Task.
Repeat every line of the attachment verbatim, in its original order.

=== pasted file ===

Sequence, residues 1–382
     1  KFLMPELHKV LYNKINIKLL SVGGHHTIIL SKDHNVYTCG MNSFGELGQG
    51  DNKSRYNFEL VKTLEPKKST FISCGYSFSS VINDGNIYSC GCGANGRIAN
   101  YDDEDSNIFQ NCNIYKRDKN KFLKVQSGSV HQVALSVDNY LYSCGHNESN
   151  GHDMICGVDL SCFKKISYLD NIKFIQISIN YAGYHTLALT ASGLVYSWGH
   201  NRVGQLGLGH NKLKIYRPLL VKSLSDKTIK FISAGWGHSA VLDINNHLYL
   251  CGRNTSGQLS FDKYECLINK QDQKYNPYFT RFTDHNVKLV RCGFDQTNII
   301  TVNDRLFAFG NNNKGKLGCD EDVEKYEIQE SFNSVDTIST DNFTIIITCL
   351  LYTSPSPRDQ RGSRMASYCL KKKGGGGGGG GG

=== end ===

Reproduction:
Sequence, residues 1–382
     1  KFLMPELHKV LYNKINIKLL SVGGHHTIIL SKDHNVYTCG MNSFGELGQG
    51  DNKSRYNFEL VKTLEPKKST FISCGYSFSS VINDGNIYSC GCGANGRIAN
   101  YDDEDSNIFQ NCNIYKRDKN KFLKVQSGSV HQVALSVDNY LYSCGHNESN
   151  GHDMICGVDL SCFKKISYLD NIKFIQISIN YAGYHTLALT ASGLVYSWGH
   201  NRVGQLGLGH NKLKIYRPLL VKSLSDKTIK FISAGWGHSA VLDINNHLYL
   251  CGRNTSGQLS FDKYECLINK QDQKYNPYFT RFTDHNVKLV RCGFDQTNII
   301  TVNDRLFAFG NNNKGKLGCD EDVEKYEIQE SFNSVDTIST DNFTIIITCL
   351  LYTSPSPRDQ RGSRMASYCL KKKGGGGGGG GG